My, how we’ve grown

It’s worse than I feared. Three weeks. THREE WEEKS since my last blog and no earthly reason why.

Blogging is like all of those other activities that are good for you: exercise, healthy eating, reading with your kid and reading for yourself. It really only works if you maintain the momentum. Step of the bus and it’s so hard to get back on.

I can’t really offer up a definitive answer as to why I’ve neglected to blog for so long, but April has been a disjointed month, with Easter vacs, mum visiting for a week and the Monkey spending a week with my mum. Despite life being easier, routine can still be absent. Add to this spending April trying to focus in on a few things and blogging has fallen off a cliff simply because I turned my attention from it. Certain areas of my life were greeted with a sentence that commenced with the threat “Right!” Which is usually bad news for everything else.

One of the things I’ve turned my attention to is eliminating the should and trying to get through life at a more realistic pace. I’ve been reading (albeit not much with the monkey, but she’s been reading with other people every day, too) and that has been something of a treat. I’ve finally finished Great Expectations by Dickens. I loved it, second time around, and felt stung by some of Dickens’ sentences. I didn’t expect the story to have any resonance with me, but maybe it’s being a parent, maybe it’s just my age, but I looked at my history and much more than I’m comfortable with clanged around my head. (No, dear reader, I am not from East Anglia and have never been an apprenticed blacksmith. Nor, I hasten to add, have I ever helped anyone on the run.) I loved it. It took me four mad months to read Great Expectations, but boy did it turn me back onto reading. I followed up with Mike Skinner’s Story of the Streets, which I practically devoured and loved, and am now reading Pigeon English by Stephen Kelman which I’m reading with a nervous stomach. I live in South East London, where the child-narrator also appears to live. This opens with a stabbing of a teenager and makes for uncomfortable reading – I just know this is not going to end well for the protagonists. Maybe it’s a London thing, maybe it’s a SOUTH EAST London thing, maybe I’m just a scaredy-cat, but a child whose innocence is soon to be lost is my real, daily worry, living where I do. The book’s beautifully written, but it scares me too much for me to say I’m enjoying it.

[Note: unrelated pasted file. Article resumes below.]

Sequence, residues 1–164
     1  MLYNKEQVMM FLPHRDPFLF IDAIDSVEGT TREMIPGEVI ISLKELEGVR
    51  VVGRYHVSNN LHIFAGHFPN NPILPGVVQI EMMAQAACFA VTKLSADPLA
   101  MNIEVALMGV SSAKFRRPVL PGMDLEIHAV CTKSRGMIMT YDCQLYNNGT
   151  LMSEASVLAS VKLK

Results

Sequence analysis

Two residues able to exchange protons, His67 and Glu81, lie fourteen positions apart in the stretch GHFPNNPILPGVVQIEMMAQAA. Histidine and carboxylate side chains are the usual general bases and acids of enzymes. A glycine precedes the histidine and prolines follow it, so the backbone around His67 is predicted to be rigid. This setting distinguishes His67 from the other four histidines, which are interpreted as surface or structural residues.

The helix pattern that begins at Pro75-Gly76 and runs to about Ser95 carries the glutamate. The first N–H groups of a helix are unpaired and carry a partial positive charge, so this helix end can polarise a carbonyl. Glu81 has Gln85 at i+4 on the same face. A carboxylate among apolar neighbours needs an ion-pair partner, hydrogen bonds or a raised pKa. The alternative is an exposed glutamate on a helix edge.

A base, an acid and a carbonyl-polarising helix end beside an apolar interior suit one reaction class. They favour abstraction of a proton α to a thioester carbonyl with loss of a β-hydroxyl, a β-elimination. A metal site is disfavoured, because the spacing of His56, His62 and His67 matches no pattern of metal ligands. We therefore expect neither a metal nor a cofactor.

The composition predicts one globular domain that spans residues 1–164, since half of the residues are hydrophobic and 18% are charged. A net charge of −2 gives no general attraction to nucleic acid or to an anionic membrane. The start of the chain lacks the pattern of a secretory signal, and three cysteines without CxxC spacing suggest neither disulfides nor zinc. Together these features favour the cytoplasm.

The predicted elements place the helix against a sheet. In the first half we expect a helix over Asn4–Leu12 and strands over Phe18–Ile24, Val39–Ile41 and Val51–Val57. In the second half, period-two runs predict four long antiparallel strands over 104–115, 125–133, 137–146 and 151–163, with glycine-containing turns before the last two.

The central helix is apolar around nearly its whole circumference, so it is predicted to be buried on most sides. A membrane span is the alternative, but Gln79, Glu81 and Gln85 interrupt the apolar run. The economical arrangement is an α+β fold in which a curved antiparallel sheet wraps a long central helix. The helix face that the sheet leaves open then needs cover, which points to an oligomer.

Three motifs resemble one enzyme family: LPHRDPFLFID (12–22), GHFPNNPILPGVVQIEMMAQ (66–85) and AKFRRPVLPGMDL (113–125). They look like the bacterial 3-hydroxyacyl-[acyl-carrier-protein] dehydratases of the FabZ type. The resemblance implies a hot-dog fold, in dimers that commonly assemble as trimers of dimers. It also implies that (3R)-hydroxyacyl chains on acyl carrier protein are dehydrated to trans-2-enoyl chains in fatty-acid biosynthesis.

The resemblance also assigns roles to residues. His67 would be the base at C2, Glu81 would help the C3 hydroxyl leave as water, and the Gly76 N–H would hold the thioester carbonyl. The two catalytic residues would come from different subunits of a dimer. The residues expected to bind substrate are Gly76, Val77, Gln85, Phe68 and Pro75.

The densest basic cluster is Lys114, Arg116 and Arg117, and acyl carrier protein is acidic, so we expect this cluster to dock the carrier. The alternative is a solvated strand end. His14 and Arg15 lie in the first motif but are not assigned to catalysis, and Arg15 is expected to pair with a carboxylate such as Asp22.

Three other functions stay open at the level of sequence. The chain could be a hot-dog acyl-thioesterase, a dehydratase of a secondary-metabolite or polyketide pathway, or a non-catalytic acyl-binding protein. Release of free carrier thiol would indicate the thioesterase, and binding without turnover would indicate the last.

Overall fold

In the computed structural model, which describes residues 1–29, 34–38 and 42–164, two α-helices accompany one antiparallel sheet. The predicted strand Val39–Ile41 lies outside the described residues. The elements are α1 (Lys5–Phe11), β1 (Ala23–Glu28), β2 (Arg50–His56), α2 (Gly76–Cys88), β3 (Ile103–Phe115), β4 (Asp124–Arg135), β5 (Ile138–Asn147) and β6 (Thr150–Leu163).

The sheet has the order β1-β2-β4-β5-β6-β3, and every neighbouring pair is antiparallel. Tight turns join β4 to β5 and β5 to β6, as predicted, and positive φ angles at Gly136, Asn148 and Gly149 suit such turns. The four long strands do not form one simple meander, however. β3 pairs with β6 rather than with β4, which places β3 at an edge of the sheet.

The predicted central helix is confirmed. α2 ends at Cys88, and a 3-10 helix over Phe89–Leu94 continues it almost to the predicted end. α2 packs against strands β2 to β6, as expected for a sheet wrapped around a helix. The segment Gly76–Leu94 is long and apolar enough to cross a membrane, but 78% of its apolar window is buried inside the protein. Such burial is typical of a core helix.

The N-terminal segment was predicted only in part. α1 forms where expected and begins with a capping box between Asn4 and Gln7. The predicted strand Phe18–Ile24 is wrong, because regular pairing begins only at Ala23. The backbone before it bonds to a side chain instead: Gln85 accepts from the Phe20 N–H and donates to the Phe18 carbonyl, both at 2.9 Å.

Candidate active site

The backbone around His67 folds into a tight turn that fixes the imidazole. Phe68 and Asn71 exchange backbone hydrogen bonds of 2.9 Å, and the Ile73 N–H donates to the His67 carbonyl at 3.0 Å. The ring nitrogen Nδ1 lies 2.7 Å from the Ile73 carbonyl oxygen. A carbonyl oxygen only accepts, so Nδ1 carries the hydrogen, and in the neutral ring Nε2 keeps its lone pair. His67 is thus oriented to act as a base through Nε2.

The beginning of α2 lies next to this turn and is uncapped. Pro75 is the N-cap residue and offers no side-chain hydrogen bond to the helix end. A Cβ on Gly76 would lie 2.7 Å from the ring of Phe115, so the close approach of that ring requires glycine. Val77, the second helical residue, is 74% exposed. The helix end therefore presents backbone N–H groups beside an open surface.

April is also the month of re-starting potty-training and perhaps that is the opening sentence I should have written to grant me an instant get-out-of-blogger-jail pass. That would not have been entirely truthful in explaining the full absence of posts as I’ve only been doing it for the four days that Monkeyface has been home! That we commenced potty training only a few days after (and I’m ashamed to write this down) removing the side of my daughter’s cot-bed (my daughter is almost two and a half!) is testament that I still have a long way to go when it comes to approaching life in bite-sized chunks. I want immediate gratification! I expected problems, but so far so good although even writing that sentence makes me instantly believe I’ve doomed us all.

Back to reading. Because my daughter has been away from home for a week with mum, the first few days of her return were all about ransacking our home in order to play with every single toy she has ownership of and books were of absolutely no interest to her. For the first three of those days, getting the Monkey onto the potty and keeping her there took more episodes of Abney and Teal than I thought any reasonable person could handle, which left no time for books. But two days ago, the Monkey wanted Love Monster  and we’re back in the game. Last night I ventured as far as to read Each Peach Pear Plum with her on the potty. It was an unsuccessful night in terms of using the potty in any of the ways it was designed for (one foot in, one foot out is how she currently rolls), but it was very successful in getting us back into a reading routine. She really enjoyed it and – as ever when I think about the things we “should” be doing – a break from doing things can be as energizing and rewarding as doing them.

She’s growing up and over the last few weeks a little girl has emerged. Although, god help me, she’s starting to like pink. You may want to don sunnies before checking out the pic of us in her Disney tent. (I think I was vomiting off-centre.)


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